Wednesday, August 24, 2016
Over the Counter #329
First up is Tails From the Booth by Lynn Terry.
From the publisher, Gallery Books:
"Furry friends meet photo booths in this quirky photography book that captures all the cute canine action when the leashes come off and the dogs are the star of the show.
If dogs could take selfies, it might look something like Tails from the Booth. For this adorable collection of photographs, Lynn Terry draws on more than twenty years of professional photography experience to capture the most endearing moments between canine companions: A couple of pitbulls grinning widely at the camera. Two saggy-faced bulldogs bumping jowls. A Pomeranian, an English bulldog, and a Boston terrier dog-piling (of course) on top of each other. These pictures show the countless ways dogs will ham it up in front of a camera, and that more dogs in a photo booth = even more fun!
With all the charm of Underwater Dogs and Shake, Tails from the Booth will make you laugh out loud at all the awkward and endearing ways dogs make friends with each other."
The Underdogs by Melissa Fay Greene.
From the publisher, Ecco Books:
"From two-time National Book Award nominee Melissa Fay Greene comes a profound and surprising account of dogs on the front lines of rescuing both children and adults from the trenches of grief, emotional, physical, and cognitive disability, and post-traumatic stress disorder.
The Underdogs tells the story of Karen Shirk, felled at age twenty-four by a neuromuscular disease and facing life as a ventilator-dependent, immobile patient, who was turned down by every service dog agency in the country because she was “too disabled.” Her nurse encouraged her to tone down the suicidal thoughts, find a puppy, and raise her own service dog. Karen did this, and Ben, a German shepherd, dragged her back into life. “How many people are stranded like I was,” she wondered, “who would lead productive lives if only they had a dog?”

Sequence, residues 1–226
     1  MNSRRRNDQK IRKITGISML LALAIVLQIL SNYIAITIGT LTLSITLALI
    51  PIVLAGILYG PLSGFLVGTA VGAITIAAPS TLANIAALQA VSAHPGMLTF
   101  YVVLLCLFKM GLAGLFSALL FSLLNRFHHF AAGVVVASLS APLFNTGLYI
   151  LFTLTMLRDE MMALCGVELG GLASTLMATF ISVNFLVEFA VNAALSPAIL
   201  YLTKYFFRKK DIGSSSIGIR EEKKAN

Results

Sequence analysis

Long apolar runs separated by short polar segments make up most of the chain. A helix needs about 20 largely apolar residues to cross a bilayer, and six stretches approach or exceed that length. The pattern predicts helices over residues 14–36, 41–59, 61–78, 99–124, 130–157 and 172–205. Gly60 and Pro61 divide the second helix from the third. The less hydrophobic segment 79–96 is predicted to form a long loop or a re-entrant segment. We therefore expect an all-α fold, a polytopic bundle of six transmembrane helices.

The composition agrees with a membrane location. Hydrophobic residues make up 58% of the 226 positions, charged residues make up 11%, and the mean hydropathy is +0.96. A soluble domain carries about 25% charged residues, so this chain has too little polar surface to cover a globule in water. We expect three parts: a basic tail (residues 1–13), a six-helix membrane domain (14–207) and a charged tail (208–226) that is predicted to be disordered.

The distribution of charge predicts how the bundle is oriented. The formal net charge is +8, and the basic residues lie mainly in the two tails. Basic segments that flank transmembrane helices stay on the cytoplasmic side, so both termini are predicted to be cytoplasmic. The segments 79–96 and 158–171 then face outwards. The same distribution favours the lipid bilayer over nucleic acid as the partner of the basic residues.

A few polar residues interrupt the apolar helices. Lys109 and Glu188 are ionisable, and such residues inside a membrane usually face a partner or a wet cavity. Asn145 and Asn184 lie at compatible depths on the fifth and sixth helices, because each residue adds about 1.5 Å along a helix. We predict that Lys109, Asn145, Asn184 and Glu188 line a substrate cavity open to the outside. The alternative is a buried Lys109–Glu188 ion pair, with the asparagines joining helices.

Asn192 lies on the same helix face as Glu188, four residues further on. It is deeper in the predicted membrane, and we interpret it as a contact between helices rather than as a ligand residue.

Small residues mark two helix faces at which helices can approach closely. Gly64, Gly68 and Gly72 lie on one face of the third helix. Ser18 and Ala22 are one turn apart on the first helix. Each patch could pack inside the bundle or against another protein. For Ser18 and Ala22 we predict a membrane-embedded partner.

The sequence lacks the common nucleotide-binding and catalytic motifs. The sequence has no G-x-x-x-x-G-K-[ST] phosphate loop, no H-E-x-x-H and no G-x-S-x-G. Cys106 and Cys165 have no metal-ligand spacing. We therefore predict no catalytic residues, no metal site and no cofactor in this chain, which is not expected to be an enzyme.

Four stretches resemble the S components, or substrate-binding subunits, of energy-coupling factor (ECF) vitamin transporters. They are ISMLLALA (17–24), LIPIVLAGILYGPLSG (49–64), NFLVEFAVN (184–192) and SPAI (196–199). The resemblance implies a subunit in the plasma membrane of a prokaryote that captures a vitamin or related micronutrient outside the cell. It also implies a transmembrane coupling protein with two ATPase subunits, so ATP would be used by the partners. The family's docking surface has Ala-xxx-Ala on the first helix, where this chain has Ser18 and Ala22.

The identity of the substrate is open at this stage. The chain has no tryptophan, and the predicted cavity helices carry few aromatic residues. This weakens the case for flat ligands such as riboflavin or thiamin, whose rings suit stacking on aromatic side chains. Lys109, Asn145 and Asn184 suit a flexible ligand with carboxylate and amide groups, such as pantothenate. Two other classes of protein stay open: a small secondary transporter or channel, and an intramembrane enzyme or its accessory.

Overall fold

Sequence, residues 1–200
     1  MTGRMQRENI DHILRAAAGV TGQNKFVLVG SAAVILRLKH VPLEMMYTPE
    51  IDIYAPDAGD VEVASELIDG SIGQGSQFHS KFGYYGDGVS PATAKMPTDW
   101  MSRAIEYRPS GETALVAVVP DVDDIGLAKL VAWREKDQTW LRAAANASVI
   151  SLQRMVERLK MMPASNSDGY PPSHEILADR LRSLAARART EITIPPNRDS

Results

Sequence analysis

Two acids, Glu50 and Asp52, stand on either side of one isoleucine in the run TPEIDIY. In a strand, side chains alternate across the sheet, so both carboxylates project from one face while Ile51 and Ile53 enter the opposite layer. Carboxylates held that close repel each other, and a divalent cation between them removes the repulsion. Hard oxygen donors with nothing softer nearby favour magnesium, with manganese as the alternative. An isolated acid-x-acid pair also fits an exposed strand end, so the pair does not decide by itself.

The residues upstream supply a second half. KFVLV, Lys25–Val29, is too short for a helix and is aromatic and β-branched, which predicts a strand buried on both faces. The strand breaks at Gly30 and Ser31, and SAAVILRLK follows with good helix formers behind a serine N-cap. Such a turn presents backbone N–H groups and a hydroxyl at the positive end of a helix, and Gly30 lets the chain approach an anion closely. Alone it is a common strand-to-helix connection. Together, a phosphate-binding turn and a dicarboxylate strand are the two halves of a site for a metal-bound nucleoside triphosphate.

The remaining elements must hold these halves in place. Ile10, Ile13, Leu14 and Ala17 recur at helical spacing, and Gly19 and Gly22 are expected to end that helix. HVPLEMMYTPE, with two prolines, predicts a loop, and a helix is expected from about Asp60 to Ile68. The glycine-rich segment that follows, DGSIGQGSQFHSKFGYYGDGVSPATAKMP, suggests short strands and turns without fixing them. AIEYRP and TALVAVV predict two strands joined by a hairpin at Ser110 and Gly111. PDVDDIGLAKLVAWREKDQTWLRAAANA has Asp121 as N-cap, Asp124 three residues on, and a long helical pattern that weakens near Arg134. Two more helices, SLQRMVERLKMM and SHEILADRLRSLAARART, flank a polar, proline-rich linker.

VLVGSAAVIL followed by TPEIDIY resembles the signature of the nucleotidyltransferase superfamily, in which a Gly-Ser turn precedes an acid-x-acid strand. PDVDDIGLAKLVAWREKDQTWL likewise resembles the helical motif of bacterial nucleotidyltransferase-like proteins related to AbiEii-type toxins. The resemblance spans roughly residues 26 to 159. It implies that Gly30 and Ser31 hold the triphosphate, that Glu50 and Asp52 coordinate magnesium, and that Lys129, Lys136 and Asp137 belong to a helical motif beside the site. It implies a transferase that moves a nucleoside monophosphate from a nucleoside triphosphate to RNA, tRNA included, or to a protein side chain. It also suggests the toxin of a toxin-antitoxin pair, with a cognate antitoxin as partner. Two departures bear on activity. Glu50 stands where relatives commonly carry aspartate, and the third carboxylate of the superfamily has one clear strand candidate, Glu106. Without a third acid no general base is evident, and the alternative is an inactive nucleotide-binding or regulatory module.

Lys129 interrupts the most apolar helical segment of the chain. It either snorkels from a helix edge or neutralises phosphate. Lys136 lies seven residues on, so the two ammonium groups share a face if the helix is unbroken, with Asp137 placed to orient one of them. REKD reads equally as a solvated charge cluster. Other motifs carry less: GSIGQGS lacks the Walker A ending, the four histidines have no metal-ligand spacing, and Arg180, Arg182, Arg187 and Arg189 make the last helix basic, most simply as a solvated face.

A thousand state-of-the-art dogs later, Karen Shirk’s service dog academy, 4 Paws for Ability, is restoring broken children and their families to life. Long shunned by scientists as a man made, synthetic species, and oft- referred to as “Man’s Best Friend” almost patronizingly, dogs are finally paid respectful attention by a new generation of neuroscientists and animal behaviorists. Melissa Fay Greene weaves the latest scientific discoveries about our co-evolution with dogs with Karen’s story and a few exquisitely rendered stories of suffering children and their heartbroken families.
Written with characteristic insight, humanity, humor, and irrepressible joy, what could have been merely touching is a penetrating, compassionate exploration of larger questions: about our attachment to dogs, what constitutes a productive life, and what can be accomplished with unconditional love."
(Over the Counter is a regular feature at A Bookworm's World. I've sadly come the realization that I cannot physically read every book that catches my interest as it crosses over my counter at the library. But... I can mention them and maybe one of them will catch your eye as well. See if your local library has them on their shelves!)